Hopefully, many 'Basement' dwellers know all about "American Masters." If you don't, hop on board and start watching the PBS series and put it in your Netflix que.
The groundbreaking show produces biographies on American artists, actors and writers that have left a profound impact on the nation's popular culture. It is produced by WNET in New York City and debuted in 1983.
Such writers from Truman Capote to Papa Hemingway to Rod Serling to Willa Cather have been spotlighted.
And tonight (sorry for the short notice), "When You're Strange: A Film About The Doors" premieres. The flick opened last month in selected theaters in New York and Los Angeles and I've been waiting to see it ever since.
The creative chemistry of drummer John Densmore, guitarist Robby Krieger, keyboardist Ray Manzarek and singer Jim Morrison made The Doors one of America’s most iconic and influential, theatrical and mysterious and sometime frightening rock bands.
Written and directed by American film director, screenwriter and cinematographer Tom DiCillo, and Doors keyboardist Ray Manzarek has stated, "This will be the true story of the Doors," and that the film will be "the anti-Oliver Stone," obviously referring to the 1991 Doors film which drew quite a bit of criticism from many fans for certain departures from the truth in Stone's screenplay.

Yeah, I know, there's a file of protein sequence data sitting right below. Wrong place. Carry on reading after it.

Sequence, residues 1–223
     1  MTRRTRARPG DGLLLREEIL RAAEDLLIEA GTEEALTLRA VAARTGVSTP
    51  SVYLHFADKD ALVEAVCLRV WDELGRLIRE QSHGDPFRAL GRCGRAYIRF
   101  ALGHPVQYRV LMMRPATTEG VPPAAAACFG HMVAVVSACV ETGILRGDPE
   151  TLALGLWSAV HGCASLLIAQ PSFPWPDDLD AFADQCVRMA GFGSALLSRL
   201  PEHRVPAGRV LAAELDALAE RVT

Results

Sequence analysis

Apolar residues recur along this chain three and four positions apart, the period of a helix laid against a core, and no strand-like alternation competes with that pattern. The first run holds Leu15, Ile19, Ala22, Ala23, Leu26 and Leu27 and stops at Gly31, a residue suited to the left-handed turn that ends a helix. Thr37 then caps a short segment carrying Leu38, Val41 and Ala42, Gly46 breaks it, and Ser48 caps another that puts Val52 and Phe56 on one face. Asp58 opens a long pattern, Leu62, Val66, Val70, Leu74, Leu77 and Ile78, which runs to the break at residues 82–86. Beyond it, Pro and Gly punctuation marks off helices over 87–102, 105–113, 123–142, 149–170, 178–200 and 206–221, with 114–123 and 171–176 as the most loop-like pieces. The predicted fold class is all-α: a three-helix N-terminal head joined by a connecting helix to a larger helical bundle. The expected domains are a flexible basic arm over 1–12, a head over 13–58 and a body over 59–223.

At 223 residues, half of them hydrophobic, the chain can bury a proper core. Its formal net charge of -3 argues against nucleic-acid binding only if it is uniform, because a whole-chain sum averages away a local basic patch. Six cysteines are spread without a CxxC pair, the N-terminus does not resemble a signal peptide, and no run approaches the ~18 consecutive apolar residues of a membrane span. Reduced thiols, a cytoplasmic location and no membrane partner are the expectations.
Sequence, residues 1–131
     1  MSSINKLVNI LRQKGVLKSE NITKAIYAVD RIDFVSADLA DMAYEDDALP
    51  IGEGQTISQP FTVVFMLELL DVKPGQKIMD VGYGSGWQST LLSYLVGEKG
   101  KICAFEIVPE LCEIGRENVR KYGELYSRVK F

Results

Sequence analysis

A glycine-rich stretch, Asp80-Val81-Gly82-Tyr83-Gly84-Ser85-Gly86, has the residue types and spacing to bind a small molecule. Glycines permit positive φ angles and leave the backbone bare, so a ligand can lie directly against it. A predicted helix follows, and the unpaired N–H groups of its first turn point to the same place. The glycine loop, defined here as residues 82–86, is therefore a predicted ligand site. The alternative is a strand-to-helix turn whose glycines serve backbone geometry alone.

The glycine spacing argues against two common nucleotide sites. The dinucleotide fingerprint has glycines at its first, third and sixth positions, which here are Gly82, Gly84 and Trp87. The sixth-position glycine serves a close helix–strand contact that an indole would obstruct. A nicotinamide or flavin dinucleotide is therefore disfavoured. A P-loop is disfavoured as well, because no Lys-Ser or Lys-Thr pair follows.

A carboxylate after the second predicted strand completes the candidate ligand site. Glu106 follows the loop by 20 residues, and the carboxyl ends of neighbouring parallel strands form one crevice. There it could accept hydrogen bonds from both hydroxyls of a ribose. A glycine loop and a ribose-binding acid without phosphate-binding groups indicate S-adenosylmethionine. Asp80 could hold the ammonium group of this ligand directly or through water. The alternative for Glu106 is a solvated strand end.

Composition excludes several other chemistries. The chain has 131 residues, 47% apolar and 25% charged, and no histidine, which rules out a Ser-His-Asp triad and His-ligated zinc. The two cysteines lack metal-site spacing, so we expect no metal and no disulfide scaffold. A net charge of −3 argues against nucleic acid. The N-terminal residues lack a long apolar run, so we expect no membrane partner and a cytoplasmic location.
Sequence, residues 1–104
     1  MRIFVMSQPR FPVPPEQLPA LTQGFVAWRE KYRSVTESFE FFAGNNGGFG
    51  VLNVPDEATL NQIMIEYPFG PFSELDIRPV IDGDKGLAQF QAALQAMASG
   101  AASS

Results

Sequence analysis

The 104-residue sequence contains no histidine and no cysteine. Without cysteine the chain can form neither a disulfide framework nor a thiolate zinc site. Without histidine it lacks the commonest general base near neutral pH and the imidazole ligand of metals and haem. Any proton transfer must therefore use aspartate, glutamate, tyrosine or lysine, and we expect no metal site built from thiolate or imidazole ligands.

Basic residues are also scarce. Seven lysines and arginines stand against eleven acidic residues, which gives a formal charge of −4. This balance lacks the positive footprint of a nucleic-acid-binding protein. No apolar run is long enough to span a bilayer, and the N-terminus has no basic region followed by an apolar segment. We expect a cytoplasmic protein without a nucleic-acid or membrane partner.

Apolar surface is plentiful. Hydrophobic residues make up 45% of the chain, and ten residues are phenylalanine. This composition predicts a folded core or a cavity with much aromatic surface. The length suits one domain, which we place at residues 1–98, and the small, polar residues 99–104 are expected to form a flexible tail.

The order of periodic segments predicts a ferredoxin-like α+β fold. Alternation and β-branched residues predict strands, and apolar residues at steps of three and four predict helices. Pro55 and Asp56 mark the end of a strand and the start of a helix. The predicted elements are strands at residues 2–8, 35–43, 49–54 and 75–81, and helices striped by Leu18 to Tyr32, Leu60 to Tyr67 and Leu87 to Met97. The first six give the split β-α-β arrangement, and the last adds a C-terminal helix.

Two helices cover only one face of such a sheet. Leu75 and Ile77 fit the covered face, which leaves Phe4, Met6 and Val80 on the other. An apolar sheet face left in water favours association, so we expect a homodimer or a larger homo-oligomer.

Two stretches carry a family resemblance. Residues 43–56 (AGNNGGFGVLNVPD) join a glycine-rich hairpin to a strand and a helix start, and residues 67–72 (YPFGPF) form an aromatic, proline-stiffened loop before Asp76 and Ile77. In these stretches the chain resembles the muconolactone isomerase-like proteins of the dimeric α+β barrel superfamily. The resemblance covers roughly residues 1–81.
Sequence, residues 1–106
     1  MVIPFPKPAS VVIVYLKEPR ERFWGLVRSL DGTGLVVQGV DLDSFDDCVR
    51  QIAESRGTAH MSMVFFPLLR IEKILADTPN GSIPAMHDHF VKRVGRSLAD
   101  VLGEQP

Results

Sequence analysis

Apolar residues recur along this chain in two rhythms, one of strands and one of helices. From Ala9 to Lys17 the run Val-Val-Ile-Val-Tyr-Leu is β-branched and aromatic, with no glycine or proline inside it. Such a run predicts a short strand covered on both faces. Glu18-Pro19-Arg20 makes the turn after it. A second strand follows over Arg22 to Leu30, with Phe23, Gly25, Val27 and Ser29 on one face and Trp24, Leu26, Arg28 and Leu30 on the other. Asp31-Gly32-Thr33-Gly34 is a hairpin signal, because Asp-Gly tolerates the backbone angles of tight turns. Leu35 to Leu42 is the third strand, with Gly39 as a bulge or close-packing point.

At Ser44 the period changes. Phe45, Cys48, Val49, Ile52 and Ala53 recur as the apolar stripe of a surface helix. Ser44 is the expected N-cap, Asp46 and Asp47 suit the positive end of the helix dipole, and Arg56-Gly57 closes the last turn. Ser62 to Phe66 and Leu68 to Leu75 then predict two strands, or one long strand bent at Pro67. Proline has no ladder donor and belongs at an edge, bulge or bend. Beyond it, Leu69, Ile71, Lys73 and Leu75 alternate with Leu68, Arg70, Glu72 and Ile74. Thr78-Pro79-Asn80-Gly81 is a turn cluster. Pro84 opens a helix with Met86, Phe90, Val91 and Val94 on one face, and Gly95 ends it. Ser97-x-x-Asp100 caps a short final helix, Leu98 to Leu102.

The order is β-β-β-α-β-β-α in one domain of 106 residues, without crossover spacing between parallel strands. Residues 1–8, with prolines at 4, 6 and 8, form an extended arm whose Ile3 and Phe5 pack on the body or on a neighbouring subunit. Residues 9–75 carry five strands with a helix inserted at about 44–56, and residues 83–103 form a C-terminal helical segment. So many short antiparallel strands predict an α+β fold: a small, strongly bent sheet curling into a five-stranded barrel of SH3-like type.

Narrated by Johnny Depp, it tells their story using only original footage – much of it previously unseen – shot between their formation in 1965 and Morrison’s death in 1971. “From the outset I decided to use only original footage of this astonishing band,” said Tom DiCillo, director and writer of When You’re Strange in a press release.
"When You're Strange" was first screened at the Sundance Film Festival on January 17, 2009. If you can't find the "American Masters" film on your local PBS station, look for it on DVD on June 29